In Re New York Skyline Inc., Bankruptcy No. 09-10181 (SMB).

Decision Date21 June 2010
Docket NumberBankruptcy No. 09-10181 (SMB).,Adversary No. 09-1107 (SMB),09-1145(SMB).
Citation432 B.R. 66
PartiesIn re NEW YORK SKYLINE, INC., Debtor.Empire State Building Company L.L.C. and Empire State Building, Inc., Plaintiffs,v.New York Skyline, Inc., Defendant.New York Skyline, Inc., Plaintiff,v.Empire State Building Company L.L.C., Empire State Building, Inc. and Empire State Building Associates L.L.C., Defendants.
CourtU.S. Bankruptcy Court — Southern District of New York



Stern Tannenbaum & Bell LLP, David S. Tannenbaum, Esq., Francine S. Nisim Esq., Karen S. Frieman, Esq., and Duane Morris LLP, Rudolph J. DiMassa, Esq., William C. Heuer, Esq., of Counsel, New York, NY, Attorneys for Empire State Building Company L.L.C., Empire State Building, Inc., and Empire State Building Associates L.L.C.

Backenroth Frankel & Krinsky, LLP, Mark Frankel, Esq., and Stewart Occhipinti, LLP, Charles A. Stewart, III, Esq., Frank S. Occhipinti, Esq., of Counsel, New York, NY, Attorneys for New York Skyline, Inc.


STUART M. BERNSTEIN, Bankruptcy Judge.

At all relevant times, the debtor New York Skyline, Inc. (Skyline) has operated a simulator attraction called “SkyRide” (the “Attraction”) on the second floor of the Empire State Building (the Building) in New York City. The Empire State Building Company L.L.C. (ESBC) manages the Building, the Empire State Building, Inc. (ESBI) owns the leasehold for the observation decks located on the 86th and 102nd floors (collectively, the “Observatory”), and although the record is not entirely clear, it appears that the Empire State Building Associates L.L.C. (ESBA) owns the fee interest. ESBC, ESBI and ESBA are referred to collectively as “ESB.”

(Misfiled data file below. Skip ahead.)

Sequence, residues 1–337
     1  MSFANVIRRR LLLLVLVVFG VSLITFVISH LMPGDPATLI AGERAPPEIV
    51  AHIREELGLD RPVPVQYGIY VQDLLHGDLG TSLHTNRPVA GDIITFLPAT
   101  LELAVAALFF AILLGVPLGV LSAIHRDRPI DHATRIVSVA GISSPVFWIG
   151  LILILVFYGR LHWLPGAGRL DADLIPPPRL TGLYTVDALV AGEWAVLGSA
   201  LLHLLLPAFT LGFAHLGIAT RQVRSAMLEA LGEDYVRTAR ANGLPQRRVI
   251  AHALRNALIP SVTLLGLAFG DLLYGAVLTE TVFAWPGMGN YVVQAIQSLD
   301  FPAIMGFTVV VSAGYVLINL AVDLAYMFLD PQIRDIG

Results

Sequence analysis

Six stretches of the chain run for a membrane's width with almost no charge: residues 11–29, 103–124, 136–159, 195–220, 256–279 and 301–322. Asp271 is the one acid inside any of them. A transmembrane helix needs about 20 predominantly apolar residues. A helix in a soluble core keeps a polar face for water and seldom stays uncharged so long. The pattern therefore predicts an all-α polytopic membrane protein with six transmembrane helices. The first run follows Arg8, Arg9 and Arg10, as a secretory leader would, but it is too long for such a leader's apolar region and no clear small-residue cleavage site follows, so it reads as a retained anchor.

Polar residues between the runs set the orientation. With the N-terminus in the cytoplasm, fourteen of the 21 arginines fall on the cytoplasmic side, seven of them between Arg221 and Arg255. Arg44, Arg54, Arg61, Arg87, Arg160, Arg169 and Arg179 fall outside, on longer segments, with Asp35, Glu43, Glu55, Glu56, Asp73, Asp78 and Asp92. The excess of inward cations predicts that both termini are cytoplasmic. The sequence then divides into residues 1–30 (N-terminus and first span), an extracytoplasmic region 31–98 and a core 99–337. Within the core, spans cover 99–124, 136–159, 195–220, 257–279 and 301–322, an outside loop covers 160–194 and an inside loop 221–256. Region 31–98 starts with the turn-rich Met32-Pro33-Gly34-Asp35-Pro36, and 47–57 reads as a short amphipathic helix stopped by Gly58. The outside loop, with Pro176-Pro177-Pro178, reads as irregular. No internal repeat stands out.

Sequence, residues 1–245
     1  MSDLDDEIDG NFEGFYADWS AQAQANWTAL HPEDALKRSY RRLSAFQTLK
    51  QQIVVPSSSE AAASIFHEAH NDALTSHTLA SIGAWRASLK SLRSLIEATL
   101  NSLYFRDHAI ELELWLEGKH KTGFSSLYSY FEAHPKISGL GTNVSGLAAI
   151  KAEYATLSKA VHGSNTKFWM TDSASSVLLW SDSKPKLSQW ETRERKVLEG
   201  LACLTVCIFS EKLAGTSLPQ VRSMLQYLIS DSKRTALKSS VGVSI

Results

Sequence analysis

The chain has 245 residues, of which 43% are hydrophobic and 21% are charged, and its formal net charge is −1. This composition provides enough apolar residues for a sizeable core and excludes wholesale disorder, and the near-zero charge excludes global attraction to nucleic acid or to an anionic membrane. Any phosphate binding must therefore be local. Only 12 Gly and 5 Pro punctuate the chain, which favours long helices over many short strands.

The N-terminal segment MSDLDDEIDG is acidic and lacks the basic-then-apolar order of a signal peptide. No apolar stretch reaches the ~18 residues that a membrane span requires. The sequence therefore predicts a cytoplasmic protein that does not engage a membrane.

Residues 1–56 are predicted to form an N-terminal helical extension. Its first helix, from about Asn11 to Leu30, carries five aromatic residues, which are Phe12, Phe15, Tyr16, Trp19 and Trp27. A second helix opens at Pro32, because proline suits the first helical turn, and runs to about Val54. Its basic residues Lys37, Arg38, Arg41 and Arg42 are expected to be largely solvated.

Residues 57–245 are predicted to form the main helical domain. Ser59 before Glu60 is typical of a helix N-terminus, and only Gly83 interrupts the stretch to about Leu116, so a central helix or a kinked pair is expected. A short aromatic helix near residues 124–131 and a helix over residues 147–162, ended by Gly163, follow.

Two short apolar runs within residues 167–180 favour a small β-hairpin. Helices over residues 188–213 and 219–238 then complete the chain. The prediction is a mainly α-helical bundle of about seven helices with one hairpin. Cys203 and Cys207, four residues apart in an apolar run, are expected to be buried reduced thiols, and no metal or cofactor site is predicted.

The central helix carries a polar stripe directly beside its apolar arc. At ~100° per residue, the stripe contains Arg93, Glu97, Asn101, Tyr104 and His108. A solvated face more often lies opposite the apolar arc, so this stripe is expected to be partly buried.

Skyline and ESB are parties to lease and license agreements dating back to 1993, which have been modified from time to time. These adversary proceedings concern a variety of disputes under those agreements. Among other things, Skyline seeks to rescind the latest modification entered into on May 27, 2005 (the May 2005 Agreement”), ( Affidavit of Francine Nisim, sworn to July 17, 2009 (“ Nisim Affidavit ”), Ex. I (ECF Doc. # 15)),1 and also challenges the method of computing the electricity charges that ESB is entitled to collect as additional rent.